You are here

RMIT Training recognised for supporting student employability

Hunjung Lee serving a customer at the coffee cart.

RMIT Training has been nominated for its student barista internship in the Excellence in International Student Employability and Career Development category at the Victorian International Education (VIE) awards. 

This category recognises Victorian education providers, businesses or not-for-profits that have demonstrated excellence or innovation in employability and careers services to international students.

In 2017, RMIT Training formed a partnership with non-profit social enterprise, Coffee Cart Changing Lives, which supports youth homelessness in Melbourne by training vulnerable youths to become baristas. A coffee cart was established in RMIT Training’s student café as part of the venture and a barista internship program soon followed. 

The internship was created for students to help them develop employability skills and to build on the English language skills they learn in class. Students who participate in the program have an opportunity to practise their conversational and social skills, while building their self-esteem and knowledge of workplace behaviour and operations. 

RMIT Training was represented at the awards by Rachel Holthouse, CEO; Gail Parker, Pathways and Test Operations Director; and Matt Cox, Student Experience Specialist. Ms Holthouse shared how the coffee cart makes a positive impact on the students' lives and the broader community. 

"The opportunities the barista internship offers extend far beyond learning hands-on hospitality skills, it also has a significant impact on trainees’ long-term career goals and future outlook," she said.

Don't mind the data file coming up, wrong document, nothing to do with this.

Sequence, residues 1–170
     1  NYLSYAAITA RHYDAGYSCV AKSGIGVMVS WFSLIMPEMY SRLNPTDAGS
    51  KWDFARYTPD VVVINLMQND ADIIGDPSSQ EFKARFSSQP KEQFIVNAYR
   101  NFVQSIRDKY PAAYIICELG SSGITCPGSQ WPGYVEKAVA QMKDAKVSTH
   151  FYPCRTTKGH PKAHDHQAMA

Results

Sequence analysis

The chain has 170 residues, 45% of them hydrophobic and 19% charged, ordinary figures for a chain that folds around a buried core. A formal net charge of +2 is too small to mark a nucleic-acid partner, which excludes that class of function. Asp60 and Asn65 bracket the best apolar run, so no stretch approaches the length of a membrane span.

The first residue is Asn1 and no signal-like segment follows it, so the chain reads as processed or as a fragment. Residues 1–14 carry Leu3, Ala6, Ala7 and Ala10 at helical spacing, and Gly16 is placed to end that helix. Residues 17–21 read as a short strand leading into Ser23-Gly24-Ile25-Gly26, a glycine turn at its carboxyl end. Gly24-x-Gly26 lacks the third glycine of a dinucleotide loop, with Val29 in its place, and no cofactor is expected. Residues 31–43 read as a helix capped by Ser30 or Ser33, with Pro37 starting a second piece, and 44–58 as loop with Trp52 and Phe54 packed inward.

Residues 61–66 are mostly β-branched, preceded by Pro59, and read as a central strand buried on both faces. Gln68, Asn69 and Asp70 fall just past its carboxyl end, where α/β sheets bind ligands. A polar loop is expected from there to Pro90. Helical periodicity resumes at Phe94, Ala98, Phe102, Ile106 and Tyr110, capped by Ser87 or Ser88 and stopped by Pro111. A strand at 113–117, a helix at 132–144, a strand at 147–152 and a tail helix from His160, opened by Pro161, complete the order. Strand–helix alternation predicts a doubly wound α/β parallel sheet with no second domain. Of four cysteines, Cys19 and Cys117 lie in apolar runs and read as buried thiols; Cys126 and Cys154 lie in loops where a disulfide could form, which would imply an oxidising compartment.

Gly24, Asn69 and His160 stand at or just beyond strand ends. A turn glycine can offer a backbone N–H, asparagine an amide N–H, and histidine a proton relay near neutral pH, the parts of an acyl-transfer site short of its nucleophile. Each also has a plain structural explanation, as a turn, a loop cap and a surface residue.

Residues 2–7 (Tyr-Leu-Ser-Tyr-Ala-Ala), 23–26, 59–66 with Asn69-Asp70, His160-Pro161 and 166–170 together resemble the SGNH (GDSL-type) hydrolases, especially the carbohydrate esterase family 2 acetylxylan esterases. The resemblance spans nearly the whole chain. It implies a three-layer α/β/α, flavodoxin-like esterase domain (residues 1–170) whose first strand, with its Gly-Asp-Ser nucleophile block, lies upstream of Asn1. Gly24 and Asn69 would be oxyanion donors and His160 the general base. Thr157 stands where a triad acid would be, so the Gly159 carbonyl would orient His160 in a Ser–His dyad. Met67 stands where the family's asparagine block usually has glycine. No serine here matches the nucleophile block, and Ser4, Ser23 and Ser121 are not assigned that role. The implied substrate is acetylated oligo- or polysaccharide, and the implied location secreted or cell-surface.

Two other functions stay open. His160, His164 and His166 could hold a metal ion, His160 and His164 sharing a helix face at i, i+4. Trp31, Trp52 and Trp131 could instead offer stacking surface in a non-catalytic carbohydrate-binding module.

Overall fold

"Students are provided with an opportunity to practise their English skills and to immerse themselves into our Australian culture while supporting and interacting with the broader community. 

"It really is a privilege to offer a service like this, that is loved by students and educators, and that makes such as valuable contribution to the lives of others. It’s a win, win for everyone."

The ten-hour program runs over four weeks and offers interns a chance to simulate the experience of preparing a resume, the interview process and part-time employment. The self-directed learning approach allows students to practise self-reflection as they progress, resulting in a more confident young person. 

Students are supported and coached throughout the entire internship, with graduates commenting how they feel better prepared and ready for work-life as a result of the program.  

One of the most recent initiatives to support the internship involved a previous intern, Hunjung Lee, coming back as a trainer. 

"First of all, I have never taught someone in English which is not my first language,” Mr Lee said.

"Due to the small workspace, I need to do and know all the tasks in the coffee cart such as customer service and general management.

"I now know I want to run my own business, which is a combination of a coffee shop and design studio in the future, so this kind of experience will help me get there."

The presence of Coffee Cart Changing Lives on campus offers students an inspirational business model to aspire to. Sales from the Cart go to Launch Housing, one of Victoria’s largest providers of housing support for homelessness. 

The VIE awards, a Victorian Government initiative, focuses on supporting the international education sector and raising awareness of its contribution to the broader community. 

RMIT Training delivers pathway programs that enable students to articulate into Bachelor programs at university; these include Foundation Studies and English language programs.